New research could help revolutionise the way babies are treated for bronchiolitis.
The Flinders Medical Centre is conducting a world first study into bronchiolitis and other illness that can consequently develop as a result of it.
Thousands of children are hospitalised each year for bronchiolitis and 60 per cent of these will develop asthma later on in life.
Given that Bronchiolitis is a viral respiratory tract infection that typically affects children under 12 months old, this study has the potential to change the way infants and small children are treated.
A new treatment is just years away
The only treatment currently available is high flow oxygen. However, experts at the Flinders Medical Centre are undergoing extensive research in an attempt to better understand the condition (as well as the different types and what causes it).
More specifically, experts are hoping to study the virus thoroughly and its impact on babies in the hope of uncovering the inflammatory markers in the airways that cause the body to respond so aggressively. They are hoping to find a way to ‘switch them off’ before any long term damage is caused.
“It amazes me that for such a common condition it’s still a black box, it’s still poorly understood by science,” Kevin Forsyth, Professor of Paediatrics at Flinders Medical Centre tells Nine News.
“Our hospital beds here are full on infants with bronchiolitis through the winter period.”
Professor Forsyth believes with research and new treatment, they could be just two years away from finding a new treatment for bronchiolitis.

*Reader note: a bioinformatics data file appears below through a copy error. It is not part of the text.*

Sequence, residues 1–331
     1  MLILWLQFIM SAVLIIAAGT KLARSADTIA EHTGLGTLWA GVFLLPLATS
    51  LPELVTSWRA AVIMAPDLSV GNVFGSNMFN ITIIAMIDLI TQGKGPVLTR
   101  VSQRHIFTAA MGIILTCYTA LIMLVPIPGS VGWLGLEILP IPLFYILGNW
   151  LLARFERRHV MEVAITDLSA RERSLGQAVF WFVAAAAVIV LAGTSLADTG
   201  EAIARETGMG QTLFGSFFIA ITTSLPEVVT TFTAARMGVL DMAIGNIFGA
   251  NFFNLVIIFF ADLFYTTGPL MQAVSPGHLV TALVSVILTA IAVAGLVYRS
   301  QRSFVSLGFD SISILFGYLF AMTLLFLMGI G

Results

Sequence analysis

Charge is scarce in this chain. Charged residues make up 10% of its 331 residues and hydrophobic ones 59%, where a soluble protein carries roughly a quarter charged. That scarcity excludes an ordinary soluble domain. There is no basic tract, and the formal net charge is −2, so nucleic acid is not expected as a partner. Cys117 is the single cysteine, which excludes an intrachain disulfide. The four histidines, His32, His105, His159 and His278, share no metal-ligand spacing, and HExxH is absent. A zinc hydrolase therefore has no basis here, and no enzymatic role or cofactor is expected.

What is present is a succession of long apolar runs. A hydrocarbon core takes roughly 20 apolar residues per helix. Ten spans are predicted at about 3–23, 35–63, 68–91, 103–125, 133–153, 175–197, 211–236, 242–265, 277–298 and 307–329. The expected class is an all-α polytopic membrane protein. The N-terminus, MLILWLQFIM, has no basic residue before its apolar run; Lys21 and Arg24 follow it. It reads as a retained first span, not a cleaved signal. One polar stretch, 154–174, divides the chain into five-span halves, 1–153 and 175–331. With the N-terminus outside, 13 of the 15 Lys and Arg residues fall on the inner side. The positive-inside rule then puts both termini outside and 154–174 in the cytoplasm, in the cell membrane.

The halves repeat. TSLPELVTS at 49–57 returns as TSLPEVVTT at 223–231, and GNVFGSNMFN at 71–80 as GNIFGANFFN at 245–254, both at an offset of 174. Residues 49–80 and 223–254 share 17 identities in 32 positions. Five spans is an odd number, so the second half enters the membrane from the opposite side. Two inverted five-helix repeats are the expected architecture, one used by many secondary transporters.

“The body can sometimes switch on its defences so strongly that it damages the lung tissue around the virus,” he adds.
“Once we understand it better we can design treatments to intervene, so it’s not just giving oxygen, it’s actually turning off the inflammation that’s causing so much trouble.”
What is bronchiolitis?
Bronchiolitis is common chest infection that appears like a common cold but can cause coughing, wheezing and at times difficulty breathing.
It’s caused by a virus and most commonly occurs during the winter months.
Symptoms can last for a week to a month, and in severe cases hospitalisation is required.
Bronchiolitis is infectious, so can be spread from one person to the next.
How to treat bronchiolitis
Make sure your baby is having plenty of rest.
Make sure your baby is drinking plenty of water to stop them from becoming dehydrated.
Seek medical help immediately if:
- Your little one’s breathing is irregular
- They refuse food and drink
- Your baby is turning blue
- Your little one seems very agitated and irritable.
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